No two families are alike, which is why it's a good thing that there are so many customizable options available when it comes to estate planning.
Blended families have some of the most complex estate planning needs. Most estate planning lawyers recommend using a trust to make sure that new spouses and children from previous relationships are provided for.
For example, let's say a Texas man with two daughters from a previous marriage enters a second marriage to a woman with two sons. The Texas man and his wife then create wills stating that their property will go to the surviving spouse and then to their children.
However, if the man dies before his wife, his wife could potentially change her will to give all of the assets to her sons, thereby disinheriting the man's daughters. A trust can prevent this from happening by providing for the spouse so long as she lives and then giving the remaining assets to the daughters.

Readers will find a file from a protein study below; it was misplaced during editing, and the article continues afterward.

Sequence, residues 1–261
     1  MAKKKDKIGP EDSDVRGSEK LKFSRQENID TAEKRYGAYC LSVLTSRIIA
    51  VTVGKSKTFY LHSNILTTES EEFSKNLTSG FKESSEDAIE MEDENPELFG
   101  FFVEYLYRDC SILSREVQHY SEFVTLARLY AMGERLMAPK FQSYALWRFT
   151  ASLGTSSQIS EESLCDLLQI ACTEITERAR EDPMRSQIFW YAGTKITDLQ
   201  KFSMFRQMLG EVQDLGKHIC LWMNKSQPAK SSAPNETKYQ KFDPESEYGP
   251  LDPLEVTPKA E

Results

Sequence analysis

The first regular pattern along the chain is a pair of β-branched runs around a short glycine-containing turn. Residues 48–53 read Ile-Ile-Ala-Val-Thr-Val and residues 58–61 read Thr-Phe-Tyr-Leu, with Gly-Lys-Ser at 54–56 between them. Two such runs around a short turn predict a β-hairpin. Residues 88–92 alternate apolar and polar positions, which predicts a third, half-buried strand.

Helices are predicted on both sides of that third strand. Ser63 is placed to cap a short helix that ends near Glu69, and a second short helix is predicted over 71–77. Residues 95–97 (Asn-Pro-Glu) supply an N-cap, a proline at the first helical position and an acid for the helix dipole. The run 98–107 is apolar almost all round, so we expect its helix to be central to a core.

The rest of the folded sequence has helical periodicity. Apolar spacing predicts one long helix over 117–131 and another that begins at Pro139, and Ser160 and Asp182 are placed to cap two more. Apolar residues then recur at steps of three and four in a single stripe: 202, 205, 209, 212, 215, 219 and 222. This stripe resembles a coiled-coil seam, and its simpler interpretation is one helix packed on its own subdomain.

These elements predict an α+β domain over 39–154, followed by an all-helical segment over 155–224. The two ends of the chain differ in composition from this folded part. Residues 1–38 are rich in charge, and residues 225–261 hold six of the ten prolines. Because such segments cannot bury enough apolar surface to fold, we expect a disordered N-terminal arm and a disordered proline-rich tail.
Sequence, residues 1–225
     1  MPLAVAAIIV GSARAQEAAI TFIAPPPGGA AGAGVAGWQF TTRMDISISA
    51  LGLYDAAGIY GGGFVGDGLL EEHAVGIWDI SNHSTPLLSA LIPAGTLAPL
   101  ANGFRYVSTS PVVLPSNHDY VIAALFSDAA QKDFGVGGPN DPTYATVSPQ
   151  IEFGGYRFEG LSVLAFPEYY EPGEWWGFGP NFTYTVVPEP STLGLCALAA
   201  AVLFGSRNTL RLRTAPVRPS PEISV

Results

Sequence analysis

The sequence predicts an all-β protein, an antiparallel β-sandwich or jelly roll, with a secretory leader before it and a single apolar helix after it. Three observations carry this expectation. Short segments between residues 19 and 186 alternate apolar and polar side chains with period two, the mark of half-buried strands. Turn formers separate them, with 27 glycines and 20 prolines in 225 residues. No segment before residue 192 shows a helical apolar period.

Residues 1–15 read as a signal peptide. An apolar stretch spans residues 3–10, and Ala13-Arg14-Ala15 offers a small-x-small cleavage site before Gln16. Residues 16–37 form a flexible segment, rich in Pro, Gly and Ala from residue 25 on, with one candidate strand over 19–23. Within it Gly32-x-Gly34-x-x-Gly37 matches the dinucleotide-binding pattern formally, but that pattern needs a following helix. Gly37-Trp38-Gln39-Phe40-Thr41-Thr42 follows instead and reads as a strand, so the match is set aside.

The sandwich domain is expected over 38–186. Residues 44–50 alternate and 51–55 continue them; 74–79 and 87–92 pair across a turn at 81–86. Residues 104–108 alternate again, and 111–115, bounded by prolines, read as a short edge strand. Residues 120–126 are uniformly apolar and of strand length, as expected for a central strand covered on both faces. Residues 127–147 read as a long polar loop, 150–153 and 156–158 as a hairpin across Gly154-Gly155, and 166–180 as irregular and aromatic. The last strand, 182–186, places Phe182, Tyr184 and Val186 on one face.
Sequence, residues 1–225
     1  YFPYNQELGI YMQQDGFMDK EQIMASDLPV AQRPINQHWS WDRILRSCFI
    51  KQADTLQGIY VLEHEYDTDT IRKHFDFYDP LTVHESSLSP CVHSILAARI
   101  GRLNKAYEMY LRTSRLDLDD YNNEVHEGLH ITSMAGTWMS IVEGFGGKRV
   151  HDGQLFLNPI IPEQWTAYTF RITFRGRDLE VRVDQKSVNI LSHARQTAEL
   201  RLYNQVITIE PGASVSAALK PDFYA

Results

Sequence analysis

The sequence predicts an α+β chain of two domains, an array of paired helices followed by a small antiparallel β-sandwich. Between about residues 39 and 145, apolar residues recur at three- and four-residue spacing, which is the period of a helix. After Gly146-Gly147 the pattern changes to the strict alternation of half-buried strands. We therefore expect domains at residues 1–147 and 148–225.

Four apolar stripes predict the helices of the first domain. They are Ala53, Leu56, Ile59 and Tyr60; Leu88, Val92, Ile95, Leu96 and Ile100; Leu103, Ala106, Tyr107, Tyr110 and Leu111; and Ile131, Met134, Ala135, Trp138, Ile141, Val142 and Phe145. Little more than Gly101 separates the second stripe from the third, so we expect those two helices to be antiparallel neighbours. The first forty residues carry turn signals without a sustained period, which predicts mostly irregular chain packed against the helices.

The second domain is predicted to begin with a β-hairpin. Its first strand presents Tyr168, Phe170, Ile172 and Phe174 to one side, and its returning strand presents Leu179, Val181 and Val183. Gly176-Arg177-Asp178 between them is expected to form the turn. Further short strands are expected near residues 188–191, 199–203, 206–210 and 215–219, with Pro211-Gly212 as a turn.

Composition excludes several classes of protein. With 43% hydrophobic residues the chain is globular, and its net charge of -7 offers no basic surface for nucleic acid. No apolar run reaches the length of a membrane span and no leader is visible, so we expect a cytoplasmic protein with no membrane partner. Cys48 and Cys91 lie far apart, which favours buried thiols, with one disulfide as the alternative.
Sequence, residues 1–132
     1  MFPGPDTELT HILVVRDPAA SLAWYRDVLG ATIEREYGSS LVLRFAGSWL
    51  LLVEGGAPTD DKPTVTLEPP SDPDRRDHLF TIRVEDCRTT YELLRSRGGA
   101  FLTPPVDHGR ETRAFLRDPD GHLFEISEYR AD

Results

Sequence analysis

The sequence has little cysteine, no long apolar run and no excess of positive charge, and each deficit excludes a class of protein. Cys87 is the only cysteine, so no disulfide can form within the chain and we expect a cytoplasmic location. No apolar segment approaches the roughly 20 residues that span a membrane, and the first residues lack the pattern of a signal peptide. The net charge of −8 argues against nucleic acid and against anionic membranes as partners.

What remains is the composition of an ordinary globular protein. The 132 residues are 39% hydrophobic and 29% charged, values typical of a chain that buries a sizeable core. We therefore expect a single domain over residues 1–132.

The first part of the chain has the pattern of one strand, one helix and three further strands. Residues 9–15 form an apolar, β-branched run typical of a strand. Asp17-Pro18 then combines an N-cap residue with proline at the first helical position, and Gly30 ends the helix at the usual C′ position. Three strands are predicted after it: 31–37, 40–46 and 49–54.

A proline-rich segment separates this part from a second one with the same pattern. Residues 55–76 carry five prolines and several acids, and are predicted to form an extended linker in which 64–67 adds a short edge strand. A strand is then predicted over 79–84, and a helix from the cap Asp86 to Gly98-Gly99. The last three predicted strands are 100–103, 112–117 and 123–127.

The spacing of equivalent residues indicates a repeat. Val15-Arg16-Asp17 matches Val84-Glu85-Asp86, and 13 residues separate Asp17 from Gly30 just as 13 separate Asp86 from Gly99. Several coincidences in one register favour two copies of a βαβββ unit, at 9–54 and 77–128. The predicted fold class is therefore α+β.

Families with members who have special needs also have unique interests when it comes to estate planning. These families will likely want to set up a special needs trust so that an inheritance will not affect the special needs family member's government benefits.
Then there are families with members who are not financially responsible. A trust can also be used to provide for these individuals gradually so that they are not given their entire inheritance at once at the risk of losing it all.
Every family's estate planning needs are different, which is why it's a good idea to consult an estate planning lawyer who can help each family set up a plan to best reach their goals.
Source: Green Bay Gazette, "Carissa Giebel column: Estate planning for blended families," Jan. 27, 2014